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Guest Opinion: Loss of Borders Reflects National Change in Publishing and Bookselling

Local author Louise Marley weighs in on the long-term effects of a changing book industry.

Book lovers have watched with dismay as bookstores in and around Redmond disappeared over the past 10 years. Puss ’n Books was a charming store and a great local favorite, but when  moved in, Puss ’n Books couldn’t compete. Borders, like other big box stores, could offer a wider and more diverse selection of books as well as music, stationery, a coffee shop, and novelty items. Other independent bookstores, like the wonderful Totem Books in Kirkland, were forced out of business when Barnes & Noble came to nearby Woodinville.

This pattern has repeated across the country, with most independent bookstores giving way to the big chains. Parkplace Books in downtown Kirkland has held on, but it’s been a struggle, and the owners have occasionally relied on support from local authors to meet their obligations.

As an author who has been publishing since the mid-nineties, I’ve been witness to the dramatic changes in how books are published and delivered. In 1997, national distribution companies displaced local book distributors. The local distributors understood regional preferences. For example, Redmond, as the home of Microsoft, is a strong market for science fiction, and local distributors made sure bookstores and grocery and drugstores were well supplied with that genre.

National book distributors, and in particular Borders Books, viewed every book as a national product, without regard for regional interest.  As a Borders liaison told me once, “We just give every book a number.” That number determined how many copies of a title would be assigned to each store, and it didn’t vary according to regional interest. This harmed not only the authors of those books, but the readers who might have enjoyed them.

While other chain stores recognized and adapted to the new technology of electronic books—as did with its Nook e-reader—Borders was late in understanding how popular e-books would be.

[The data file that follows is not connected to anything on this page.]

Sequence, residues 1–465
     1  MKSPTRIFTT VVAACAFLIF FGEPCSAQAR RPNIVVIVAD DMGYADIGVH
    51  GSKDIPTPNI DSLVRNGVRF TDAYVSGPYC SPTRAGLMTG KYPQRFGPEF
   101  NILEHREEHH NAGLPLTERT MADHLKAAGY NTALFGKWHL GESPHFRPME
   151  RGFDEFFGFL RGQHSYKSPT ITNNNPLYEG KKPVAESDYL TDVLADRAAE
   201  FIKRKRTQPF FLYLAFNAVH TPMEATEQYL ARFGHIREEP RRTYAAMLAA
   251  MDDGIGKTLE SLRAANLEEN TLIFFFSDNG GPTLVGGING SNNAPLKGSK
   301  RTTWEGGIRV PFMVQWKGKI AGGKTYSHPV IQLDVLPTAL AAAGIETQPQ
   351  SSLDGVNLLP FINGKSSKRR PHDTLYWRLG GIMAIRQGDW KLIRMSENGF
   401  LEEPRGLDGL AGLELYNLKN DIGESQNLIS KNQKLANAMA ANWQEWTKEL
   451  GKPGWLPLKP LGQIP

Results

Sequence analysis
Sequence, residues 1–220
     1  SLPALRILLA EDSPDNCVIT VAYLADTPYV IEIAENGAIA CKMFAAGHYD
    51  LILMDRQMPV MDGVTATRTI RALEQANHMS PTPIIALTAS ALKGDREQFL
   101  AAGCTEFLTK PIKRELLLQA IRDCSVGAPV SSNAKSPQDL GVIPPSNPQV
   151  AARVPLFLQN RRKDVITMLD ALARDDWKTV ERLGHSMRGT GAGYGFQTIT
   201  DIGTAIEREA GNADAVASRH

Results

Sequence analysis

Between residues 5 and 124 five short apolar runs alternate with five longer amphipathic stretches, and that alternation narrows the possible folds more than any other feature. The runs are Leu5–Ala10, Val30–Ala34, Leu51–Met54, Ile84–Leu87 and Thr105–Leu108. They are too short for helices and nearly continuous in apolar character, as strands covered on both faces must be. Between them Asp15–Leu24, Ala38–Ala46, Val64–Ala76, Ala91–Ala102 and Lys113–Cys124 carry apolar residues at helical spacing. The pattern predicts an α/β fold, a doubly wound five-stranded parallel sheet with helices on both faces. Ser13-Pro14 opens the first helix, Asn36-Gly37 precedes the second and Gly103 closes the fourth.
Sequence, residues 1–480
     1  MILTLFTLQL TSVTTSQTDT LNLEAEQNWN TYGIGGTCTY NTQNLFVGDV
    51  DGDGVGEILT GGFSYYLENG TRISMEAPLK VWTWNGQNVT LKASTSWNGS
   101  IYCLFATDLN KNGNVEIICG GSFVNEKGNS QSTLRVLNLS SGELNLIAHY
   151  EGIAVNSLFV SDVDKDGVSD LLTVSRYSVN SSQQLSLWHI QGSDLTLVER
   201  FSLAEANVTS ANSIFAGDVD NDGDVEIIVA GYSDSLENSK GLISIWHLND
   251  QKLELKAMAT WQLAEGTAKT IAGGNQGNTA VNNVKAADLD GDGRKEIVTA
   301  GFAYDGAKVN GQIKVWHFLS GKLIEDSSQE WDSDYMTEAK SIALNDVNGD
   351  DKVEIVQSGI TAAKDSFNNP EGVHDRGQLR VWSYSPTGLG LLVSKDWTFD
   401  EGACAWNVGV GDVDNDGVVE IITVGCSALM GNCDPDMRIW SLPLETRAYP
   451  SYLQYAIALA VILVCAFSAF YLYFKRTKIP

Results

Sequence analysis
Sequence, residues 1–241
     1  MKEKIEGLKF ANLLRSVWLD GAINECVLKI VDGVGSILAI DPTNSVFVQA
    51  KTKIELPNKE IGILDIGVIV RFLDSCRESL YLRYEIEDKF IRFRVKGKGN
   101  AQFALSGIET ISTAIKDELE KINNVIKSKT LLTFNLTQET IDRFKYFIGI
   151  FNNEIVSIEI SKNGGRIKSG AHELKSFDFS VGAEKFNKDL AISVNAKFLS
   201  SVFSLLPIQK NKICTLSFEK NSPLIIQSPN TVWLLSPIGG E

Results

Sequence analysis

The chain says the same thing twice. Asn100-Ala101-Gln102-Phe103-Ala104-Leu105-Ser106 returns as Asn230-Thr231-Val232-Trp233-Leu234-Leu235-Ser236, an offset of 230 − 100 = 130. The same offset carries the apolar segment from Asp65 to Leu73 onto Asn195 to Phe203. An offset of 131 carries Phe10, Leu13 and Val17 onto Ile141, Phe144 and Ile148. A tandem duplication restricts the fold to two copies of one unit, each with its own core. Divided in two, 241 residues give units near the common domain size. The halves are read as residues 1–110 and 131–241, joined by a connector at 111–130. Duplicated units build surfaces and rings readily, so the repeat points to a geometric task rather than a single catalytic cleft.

Borders also fell behind Barnes & Noble and Amazon.com in online sales. Amazon has established a worldwide marketplace which is as close to every customer as the nearest internet connection, and this has transformed the way books are delivered, whether through the mail or electronically. Barnes & Noble was swift to develop an online retail presence, but Borders lagged, and by the time the company tried to catch up, it was too late to establish an effective brand.

Now Borders Books & Music will follow the small, independent bookstores into oblivion. It would be interesting to see if a bookstore—perhaps a re-emerging independent one—might step into that Redmond Town Center space.

If it doesn’t, Redmond will have a major shortage of retail locations for new books. That’s a hardship for readers who love to browse the stacks, and it could be happening in all the nearly 400 cities where Borders Books & Music will be closing their doors.

Stacey Davey July 20, 2011 at 05:35 PM
Though I do shop online for books regularly, I am a huge fan of browsing local book stores as a liesure activity both independently, on date night and with my kids during the day for popular children's storytime venues. Unfortunately It appears this is just the beginning of something greater to follow, books are disappearing in schools now too. Thank you for posting this article and I'm glad people are recognizing and talking about the changes both good and disturbing (call me a dinosaur in my 30's!) - to me.
Deborah Poarch July 20, 2011 at 05:58 PM
Books are disappearing in schools? Really? I remember studying at UWB. It was my first introduction to research. Looking through professional journals and microfilm was arduous and terribly time consuming. Now everything is at the tips of our fingers. More information flows, but I wonder about the quality. Time and effort can sometimes produce a better product.
Stacey Davey July 20, 2011 at 06:13 PM
Deborah - I was just talking with Dad who lives in Texas. He was telling me how the local schools there are discussing the purchase of note pads to download books for cost and homework efficiency. That way kids could turn in their homework as they read, testing would be tailored and results sent directly to the teachers. I haven't researched it but it wouldn't surprise me. There certainly are pros in my opinion but I also feel there are cons too.
Deborah Poarch July 20, 2011 at 09:08 PM
Wow. That sounds kinda cool actually. I used to buy software for WA CCs. One of them was an electronic portfolio for students. It provided for sharing with teachers and peers. One's portfolio could become one's resume for college and work. It's exciting. I don't know if my fears about loosing 'something', which I can't even define, are valid or if all of this will eventually be very good for humanity. I just don't know.
Karin Hsiao July 21, 2011 at 03:24 PM
I've been an Amazon shopper for years, but still feel that nothing beats browsing at a bookstore, especially a small, local one. Before I moved here seven years ago I had heard that the Pacific Northwest was home to countless independent bookstores; I was looking forward to shopping at them and was disappointed when there were so few in this immediate area. I'm going to cross my fingers for their reemergence. That may be naive, but I prefer to think of it as optimistic. Thanks for your thoughts, Louise.

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